This study investigates the impact of wildfire on the climate of Southern Africa. Moderate resolution imaging spectroradiometer derived burned area fraction data was implemented in a set of simulations to assess primarily the role of wildfire-induced surface changes on monthly precipitation. Two post-fire scenarios are examined namely non-recovering and recovering vegetation scenarios. In the former, burned vegetation fraction remains burned until the end of the simulations, whereas in the latter it is allowed to regrow following a recovery period. Control simulations revealed that the model can dependably capture the monthly precipitation and surface temperature averages in Southern Africa thus providing a reasonable basis against which to assess the impacts of wildfire. In general, both wildfire scenarios have a negative impact on springtime precipitation. September and October were the only months with statistically significant precipitation changes. During these months, precipitation in the region decreases by approximately 13 and 9% in the non-recovering vegetation scenario, and by about 10 and 6% in the recovering vegetation wildfire scenario, respectively. The primary cause of precipitation deficit is the decrease in evapotranspiration resulting from a reduction in surface net radiation. Areas impacted by the precipitation reduction includes the Luanda, Kinshasa, and Brazzaville metropolitan areas, The Angolan Highlands, which are the source of the Okavango Rive, and the Okavango Delta region. This study suggests that a probable intensification in wildfire frequency and extent resulting from projected population increase and global warming in Southern Africa could potentially exacerbate the impacts of wildfires in the region's seasonal precipitation.

  19. Groundwater level responses to precipitation variability in Mediterranean insular aquifers

    Science.gov (United States)

    Lorenzo-Lacruz, Jorge; Garcia, Celso; Morán-Tejeda, Enrique

    2017-09-01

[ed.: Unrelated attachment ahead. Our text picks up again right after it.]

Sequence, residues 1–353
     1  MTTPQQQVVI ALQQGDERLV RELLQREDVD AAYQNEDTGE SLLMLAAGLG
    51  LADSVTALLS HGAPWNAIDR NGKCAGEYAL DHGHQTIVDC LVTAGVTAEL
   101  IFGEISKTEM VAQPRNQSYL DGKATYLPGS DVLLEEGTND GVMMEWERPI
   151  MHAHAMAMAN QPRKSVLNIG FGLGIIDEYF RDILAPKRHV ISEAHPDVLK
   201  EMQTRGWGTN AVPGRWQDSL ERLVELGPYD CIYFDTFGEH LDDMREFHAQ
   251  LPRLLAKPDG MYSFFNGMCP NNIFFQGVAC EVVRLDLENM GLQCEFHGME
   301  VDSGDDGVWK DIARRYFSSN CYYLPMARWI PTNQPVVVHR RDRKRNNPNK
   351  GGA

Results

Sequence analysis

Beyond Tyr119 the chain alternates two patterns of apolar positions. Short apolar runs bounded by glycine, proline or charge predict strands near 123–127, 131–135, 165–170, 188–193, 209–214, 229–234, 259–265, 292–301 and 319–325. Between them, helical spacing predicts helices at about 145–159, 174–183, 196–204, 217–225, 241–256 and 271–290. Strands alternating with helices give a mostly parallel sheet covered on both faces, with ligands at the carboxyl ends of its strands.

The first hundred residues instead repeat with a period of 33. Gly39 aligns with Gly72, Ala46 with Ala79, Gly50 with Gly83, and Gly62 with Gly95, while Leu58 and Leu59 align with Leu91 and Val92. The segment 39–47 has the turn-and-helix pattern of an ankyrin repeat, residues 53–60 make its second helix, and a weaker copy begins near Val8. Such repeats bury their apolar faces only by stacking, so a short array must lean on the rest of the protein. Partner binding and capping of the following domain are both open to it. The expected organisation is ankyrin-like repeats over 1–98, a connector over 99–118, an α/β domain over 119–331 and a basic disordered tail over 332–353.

Groundwater is one of the largest and most important sources of fresh water on many regions under Mediterranean climate conditions, which are exposed to large precipitation variability that includes frequent meteorological drought episodes, and present high evapotranspiration rates and water demand during the dry season. The dependence on groundwater increases in those areas with predominant permeable lithologies, contributing to aquifer recharge and the abundance of ephemeral streams. The increasing pressure of tourism on water resources in many Mediterranean coastal areas, and uncertainty related to future precipitation and water availability, make it urgent to understand the spatio-temporal response of groundwater bodies to precipitation variability, if sustainable use of the resource is to be achieved. We present an assessment of the response of aquifers to precipitation variability based on correlations between the Standardized Precipitation Index (SPI) at various time scales and the Standardized Groundwater Index (SGI) across a Mediterranean island. We detected three main responses of aquifers to accumulated precipitation anomalies: (i) at short time scales of the SPI (24 months). The differing responses were mainly explained by differences in lithology and the percentage of highly permeable rock strata in the aquifer recharge areas. We also identified differences in the months and seasons when aquifer storages are more dependent on precipitation; these were related to climate seasonality and the degree of aquifer exploitation or underground water extraction. The recharge of some aquifers, especially in mountainous areas, is related to precipitation variability within a limited spatial extent, whereas for aquifers located in the plains, precipitation variability influence much larger areas; the topography and geological structure of the island explain these differences. Results indicate large spatial variability in the response of aquifers to precipitation in